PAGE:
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The Google Bus Controversy

Check out GameChanger CEO Larry Popelka’s latest Bloomberg Businessweek article on the Google Bus protests.
 
Google needs a lesson in local philanthropy
 
Google and other tech companies are under attack from San Francisco residents who feel these companies are responsible for many of the city’s problems and are apathetic about solving them. In protest, some residents have barricaded Google(GOOG) buses, confronted Google employees and staged sit-ins in front of their managers’ homes.

This should be a wake-up call to large corporations that have cut back community support, thinking it doesn’t matter. Over the past three decades, U.S. corporations have drastically curtailed charitable giving. In 1986 the average corporation donated the equivalent of 2.1% of its profits to charitable causes. By 2012, that number dropped to just 0.8%.

The tech sector is perhaps the biggest offender. One might expect the streets of San Francisco to be paved with gold from all of the wealthy companies in the area. Yet unlike other cities that have been gifted parks, schools or hospitals from local corporations, San Francisco has little or nothing to show from any of the big tech companies. In fact, the city government had to cut its services over the past five years due to budget shortfalls.

To make matters worse, some of these companies took money out of city coffers through aggressive negotiation. Twitter negotiated $56 million in tax breaks from San Francisco to support its expansion prior to its initial public offering. Oracle’s Larry Ellison-—the fifth wealthiest man in the world with a net worth of $50 billion–-convinced San Francisco to put up public funds to host his America’s Cup race (Ellison owns Oracle Team USA), costing the city $11.5 million after fundraising efforts fell short.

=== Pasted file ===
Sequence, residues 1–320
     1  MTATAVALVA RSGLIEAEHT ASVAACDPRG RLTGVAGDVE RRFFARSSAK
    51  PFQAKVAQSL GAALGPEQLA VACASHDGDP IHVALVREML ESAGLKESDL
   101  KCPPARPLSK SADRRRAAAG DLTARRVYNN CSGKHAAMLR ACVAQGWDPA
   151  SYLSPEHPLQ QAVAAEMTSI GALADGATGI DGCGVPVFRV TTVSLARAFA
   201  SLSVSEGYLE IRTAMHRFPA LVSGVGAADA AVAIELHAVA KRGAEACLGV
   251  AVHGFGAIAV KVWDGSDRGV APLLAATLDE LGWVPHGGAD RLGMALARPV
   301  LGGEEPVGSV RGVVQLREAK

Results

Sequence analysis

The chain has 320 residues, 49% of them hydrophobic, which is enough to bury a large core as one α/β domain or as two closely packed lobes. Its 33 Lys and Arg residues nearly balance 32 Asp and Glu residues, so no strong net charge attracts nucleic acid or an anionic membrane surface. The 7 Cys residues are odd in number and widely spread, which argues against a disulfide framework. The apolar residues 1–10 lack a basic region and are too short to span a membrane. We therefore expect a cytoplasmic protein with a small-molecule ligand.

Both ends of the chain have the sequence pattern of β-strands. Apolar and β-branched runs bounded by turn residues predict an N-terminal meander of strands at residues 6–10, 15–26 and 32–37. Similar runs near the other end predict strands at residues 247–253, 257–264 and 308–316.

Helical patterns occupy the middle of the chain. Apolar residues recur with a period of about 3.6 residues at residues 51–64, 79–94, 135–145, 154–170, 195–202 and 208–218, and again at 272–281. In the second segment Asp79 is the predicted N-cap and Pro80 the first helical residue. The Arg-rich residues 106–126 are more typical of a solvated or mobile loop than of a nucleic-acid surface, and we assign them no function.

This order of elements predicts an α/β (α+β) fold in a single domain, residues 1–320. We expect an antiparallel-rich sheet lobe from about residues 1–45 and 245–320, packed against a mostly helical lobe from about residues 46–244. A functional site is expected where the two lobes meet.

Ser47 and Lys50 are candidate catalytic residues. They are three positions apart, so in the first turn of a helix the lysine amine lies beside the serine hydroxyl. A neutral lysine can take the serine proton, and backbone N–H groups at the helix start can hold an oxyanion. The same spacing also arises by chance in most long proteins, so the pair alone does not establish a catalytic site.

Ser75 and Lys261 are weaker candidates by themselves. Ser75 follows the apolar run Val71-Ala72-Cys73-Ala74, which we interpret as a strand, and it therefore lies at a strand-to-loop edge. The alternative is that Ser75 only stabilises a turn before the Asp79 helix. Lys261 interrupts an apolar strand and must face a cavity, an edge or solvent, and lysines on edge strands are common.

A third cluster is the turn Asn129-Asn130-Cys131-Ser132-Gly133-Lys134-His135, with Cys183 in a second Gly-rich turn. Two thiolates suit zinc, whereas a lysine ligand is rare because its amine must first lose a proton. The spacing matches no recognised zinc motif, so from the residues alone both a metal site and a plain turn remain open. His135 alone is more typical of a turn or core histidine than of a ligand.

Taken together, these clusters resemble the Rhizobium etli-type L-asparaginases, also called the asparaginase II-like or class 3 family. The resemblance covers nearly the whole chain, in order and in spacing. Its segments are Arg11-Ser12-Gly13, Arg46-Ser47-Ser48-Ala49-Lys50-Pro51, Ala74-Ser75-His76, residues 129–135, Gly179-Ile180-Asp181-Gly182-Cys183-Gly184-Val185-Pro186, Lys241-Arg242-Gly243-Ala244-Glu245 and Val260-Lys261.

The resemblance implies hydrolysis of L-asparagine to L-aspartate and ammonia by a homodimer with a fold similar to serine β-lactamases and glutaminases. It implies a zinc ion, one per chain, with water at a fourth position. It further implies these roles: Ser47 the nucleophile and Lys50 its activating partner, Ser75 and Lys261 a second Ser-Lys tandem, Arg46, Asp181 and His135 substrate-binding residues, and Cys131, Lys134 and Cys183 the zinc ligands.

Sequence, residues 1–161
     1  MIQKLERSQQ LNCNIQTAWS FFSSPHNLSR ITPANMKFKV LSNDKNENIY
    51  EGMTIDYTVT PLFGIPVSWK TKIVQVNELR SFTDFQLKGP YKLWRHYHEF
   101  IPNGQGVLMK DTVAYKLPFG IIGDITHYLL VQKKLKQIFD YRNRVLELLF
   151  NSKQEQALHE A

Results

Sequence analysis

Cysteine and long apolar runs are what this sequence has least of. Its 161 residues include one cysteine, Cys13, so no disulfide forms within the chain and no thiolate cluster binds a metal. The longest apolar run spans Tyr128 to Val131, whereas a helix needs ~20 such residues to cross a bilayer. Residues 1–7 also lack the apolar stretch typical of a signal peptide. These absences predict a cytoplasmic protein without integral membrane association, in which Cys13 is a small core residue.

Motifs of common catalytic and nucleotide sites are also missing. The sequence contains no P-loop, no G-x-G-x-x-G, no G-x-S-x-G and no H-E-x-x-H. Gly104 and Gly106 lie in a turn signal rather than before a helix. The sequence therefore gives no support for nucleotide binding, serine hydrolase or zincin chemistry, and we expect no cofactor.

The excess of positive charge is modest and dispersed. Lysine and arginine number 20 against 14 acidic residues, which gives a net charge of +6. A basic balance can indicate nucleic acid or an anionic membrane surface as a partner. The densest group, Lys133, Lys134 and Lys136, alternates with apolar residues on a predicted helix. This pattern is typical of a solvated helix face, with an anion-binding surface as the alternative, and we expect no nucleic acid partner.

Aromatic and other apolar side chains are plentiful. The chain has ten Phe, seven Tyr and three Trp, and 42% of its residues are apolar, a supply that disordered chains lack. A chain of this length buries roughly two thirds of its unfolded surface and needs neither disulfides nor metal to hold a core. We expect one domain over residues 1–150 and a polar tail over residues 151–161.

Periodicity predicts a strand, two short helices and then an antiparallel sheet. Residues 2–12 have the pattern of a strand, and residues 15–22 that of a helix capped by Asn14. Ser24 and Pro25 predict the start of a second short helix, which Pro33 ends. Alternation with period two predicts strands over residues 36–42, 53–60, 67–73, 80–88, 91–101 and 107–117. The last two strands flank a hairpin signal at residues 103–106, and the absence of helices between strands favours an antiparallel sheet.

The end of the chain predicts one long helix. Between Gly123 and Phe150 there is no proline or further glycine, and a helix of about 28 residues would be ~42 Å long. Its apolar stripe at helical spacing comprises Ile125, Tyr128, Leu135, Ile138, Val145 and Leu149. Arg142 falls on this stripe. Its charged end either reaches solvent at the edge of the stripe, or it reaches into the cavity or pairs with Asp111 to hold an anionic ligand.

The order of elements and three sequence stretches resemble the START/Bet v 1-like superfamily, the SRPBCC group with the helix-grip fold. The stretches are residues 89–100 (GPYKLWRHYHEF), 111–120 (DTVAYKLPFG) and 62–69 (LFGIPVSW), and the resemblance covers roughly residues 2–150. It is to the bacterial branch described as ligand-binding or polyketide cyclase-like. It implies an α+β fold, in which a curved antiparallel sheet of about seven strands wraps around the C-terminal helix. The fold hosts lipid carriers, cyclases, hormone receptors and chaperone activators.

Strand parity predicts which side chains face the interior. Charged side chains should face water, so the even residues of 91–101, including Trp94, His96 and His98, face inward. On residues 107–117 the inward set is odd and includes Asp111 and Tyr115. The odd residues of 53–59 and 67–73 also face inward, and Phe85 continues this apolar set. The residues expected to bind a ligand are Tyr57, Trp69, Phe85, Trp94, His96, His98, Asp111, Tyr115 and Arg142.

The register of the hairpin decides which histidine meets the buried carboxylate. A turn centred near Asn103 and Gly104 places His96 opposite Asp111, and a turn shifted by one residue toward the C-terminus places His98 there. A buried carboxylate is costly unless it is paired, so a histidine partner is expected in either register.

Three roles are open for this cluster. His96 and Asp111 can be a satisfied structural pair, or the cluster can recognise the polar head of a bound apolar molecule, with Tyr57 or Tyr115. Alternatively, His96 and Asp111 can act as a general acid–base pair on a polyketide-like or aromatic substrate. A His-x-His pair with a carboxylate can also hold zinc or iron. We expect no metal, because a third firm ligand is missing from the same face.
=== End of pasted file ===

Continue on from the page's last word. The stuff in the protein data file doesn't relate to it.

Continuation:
On the flip side, tech companies have created some clear problems for San Francisco residents. The influx of out-of-town tech workers sent rents skyrocketing. This in turn created a speculative real estate market, further driving up prices and rents, and driving out long-term residents…

Ironically, Google is one of the most philanthropic U.S. companies, donating over $1.1 billion to charitable causes in 2012, equaling 8.5% of its profits. The problem is that little if any of this money goes to solve local problems; most is targeted to world problems like hunger, disease and education in developing countries.  Other tech companies are notably absent from philanthropic lists. Apple-–the most valuable company in the world-–was well-known under Steve Jobs’ leadership for not being a charitable donor… 

[Click here to read the full article.]

 

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